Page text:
Philadelphia for $100 a Day

Discover the birthplace of the nation through its attractions, cuisine and mom-and-pop shops.

The birthplace of the nation, Philadelphia is America's fifth-largest city and was the first World Heritage City in the U.S.

Philly's calling card is its historical attractions, but it's also known for its shopping, craft beer and the Philly cheesesteak. Tour through the city's best and assemble a $100-a-day tour.

Independence Hall

The Best Things to Do in Philadelphia

Founded by William Penn as a place for religious tolerance, Philly was home to both Continental Congresses, the Declaration of Independence and the Constitution, and outfitted the Colonial Navy in the Revolutionary War—all before 1800. 

Make your first stop the Independence Hall Visitor's Center and get your ticket time for Independence Hall—tickets are free for same-day walk-ups or $1.50 to reserve in advance. For a road-less-traveled to visit, search out its secret gardens.

Discover Alexander Hamilton's influence on Philadelphia in a walking-tour app you can download from iTunes or Google Play ($4.99). The tour stop not to miss: the U.S. Mint; the first Secretary of the Treasury personally designed it. Learn about the coin-making process on a free, self-guided tour.  

Liberty Bell Center

The Liberty Bell is the best place in Philadelphia for a selfie. Get up close for view of the legendary crack and the bell's inner workings (free).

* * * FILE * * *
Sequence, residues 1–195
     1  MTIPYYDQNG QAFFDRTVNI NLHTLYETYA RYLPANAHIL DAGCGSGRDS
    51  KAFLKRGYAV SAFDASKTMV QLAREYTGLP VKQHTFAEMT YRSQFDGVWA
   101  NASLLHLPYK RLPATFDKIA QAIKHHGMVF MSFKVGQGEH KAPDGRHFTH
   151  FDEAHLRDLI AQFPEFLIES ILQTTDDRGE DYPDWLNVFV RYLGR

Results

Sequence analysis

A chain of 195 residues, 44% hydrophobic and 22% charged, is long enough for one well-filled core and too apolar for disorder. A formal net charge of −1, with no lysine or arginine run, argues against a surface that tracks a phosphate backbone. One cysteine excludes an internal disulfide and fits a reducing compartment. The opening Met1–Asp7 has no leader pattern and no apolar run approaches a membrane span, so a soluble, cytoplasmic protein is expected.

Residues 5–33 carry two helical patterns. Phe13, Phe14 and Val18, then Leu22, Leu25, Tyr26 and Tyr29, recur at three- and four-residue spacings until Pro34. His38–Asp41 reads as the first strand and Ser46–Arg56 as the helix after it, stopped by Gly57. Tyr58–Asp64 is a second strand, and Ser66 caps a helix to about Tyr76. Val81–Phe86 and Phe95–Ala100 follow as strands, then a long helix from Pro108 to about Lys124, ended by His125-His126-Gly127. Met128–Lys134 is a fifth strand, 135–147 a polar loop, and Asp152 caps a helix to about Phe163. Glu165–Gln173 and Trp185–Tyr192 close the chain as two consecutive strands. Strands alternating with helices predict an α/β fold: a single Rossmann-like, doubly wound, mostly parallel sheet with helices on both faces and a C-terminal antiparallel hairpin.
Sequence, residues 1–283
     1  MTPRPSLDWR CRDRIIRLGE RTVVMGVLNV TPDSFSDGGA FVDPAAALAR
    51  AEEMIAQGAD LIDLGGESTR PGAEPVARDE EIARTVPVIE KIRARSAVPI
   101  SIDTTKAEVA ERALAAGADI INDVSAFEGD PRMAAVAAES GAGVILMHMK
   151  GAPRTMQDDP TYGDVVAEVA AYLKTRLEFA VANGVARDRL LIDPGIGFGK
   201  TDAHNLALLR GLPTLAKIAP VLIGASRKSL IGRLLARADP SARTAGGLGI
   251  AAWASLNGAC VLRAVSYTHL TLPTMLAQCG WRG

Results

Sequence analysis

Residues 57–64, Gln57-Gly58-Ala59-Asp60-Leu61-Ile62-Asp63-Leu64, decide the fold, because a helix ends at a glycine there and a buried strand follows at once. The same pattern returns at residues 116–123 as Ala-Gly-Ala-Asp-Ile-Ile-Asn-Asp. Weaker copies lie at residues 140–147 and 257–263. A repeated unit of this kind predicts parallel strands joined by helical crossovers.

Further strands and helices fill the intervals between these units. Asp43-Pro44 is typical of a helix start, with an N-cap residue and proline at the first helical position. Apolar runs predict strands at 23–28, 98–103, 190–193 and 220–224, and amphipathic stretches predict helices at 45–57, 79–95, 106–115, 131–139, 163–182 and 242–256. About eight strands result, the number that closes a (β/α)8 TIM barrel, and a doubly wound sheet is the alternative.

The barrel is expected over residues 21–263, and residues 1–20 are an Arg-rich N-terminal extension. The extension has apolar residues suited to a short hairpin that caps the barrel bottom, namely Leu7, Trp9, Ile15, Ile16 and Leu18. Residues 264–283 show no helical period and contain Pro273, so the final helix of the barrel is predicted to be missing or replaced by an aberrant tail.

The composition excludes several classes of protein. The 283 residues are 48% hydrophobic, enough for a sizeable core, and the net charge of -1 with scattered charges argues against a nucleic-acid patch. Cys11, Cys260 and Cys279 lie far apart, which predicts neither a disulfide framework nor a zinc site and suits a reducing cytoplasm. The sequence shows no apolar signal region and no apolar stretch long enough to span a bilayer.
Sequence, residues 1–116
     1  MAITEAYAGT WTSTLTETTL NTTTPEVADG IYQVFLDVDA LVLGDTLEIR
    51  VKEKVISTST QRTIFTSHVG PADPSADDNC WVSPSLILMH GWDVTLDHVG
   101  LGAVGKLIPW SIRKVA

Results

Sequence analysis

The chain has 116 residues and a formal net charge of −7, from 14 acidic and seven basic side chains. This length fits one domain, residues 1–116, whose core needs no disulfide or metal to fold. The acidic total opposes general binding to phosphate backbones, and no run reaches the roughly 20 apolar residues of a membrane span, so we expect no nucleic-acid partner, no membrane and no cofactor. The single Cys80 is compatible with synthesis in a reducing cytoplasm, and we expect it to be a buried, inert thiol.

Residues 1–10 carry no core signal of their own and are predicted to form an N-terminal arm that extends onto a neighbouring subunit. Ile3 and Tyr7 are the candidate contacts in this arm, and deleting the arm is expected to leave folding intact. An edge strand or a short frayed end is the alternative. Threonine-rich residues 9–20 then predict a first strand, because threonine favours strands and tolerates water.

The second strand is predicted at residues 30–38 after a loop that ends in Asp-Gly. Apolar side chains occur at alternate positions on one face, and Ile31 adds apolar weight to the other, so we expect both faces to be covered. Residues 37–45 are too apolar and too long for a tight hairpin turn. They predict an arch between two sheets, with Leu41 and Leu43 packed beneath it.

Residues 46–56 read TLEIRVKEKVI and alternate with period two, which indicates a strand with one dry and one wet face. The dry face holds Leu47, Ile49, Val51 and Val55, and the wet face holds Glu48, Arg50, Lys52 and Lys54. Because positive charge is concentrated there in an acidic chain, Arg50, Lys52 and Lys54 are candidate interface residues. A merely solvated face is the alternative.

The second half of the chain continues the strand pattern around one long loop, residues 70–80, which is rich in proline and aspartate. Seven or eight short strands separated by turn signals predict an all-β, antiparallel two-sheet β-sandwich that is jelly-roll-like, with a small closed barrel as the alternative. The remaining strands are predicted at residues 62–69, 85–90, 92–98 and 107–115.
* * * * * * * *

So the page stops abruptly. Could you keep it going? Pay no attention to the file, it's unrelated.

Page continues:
Spend hours at the engaging National Constitution Center. The addictive American National Tree lets you learn about the citizens who shaped America's constitutional history—find out if you're related to any of them ($14.50 for adults). 

At Fireman's Hall there's a giant red fire engine in addition to static models, a homage to Philadelphia's earliest firefighters, a stained-glass window to commemorate the fallen and fire coats and boots to try on (free). 

Shofuso Japanese House and Gardens in Philadephia

The Shofuso Japanese House and Garden pays homage to Philly's Japanese population in a 1.2-acre hill garden, koi pond with island and a tea garden with courtyard ($10 adults).

For a pleasant afternoon, shop the mom-and-pop dominated Midtown Village. Then, because shopping for a cause was never more fulfilling—or as fun—head to Philly AIDS Thrift, where the tchotchkes don't quit and you'll find steals of deals on quality clothing and accessories. There's also a large section devoted to furniture, art and electronics. 

John's Roast Pork in Philadelphia

The Best Cheap Eats and Bars

Philadelphia is famously home to the cheesesteak sandwich. Pat's King of Steaks is regarded as its originator; locals who dine here order theirs "Whiz wit." ($7.50, cash only) 

John's Roast Pork's cheesesteak ($9.25) was favored by Philadelphia dockworkers before garnering national attention. Its signature roast pork sandwich ($8.75) is another don't-miss.

Philadelphia's Reading Terminal Market

The enormous Reading Terminal Market is a spot to find specialty cheeses, Pennsylvania Dutch cooking, table linens, cookbooks and fresh-cut flowers. 

For comfort food with a Southern twist, The Little Lion doesn't disappoint. Its shrub-based cocktail program is inspired by Philadelphia's revolutionary history (Low Country Benny, $11; Lemon Fizz cocktail, $9).

Similarly, City Tavern takes its cue from the Founding Fathers. The libations menu, with its "Ales of the Revolution" is particularly spectacular (beer sampler, $13.50).

Philly's National Constitutional Center

Where to Stay

The award-winning Apple Hostel is literally steps from downtown's historical attractions hub. Rates from $26 nightly.

The Old City Hostel is located on a brick-paved street lined with trees and gets props for its charm. Rates from $28 nightly; a free Uber ride from the train depot or bus station is included.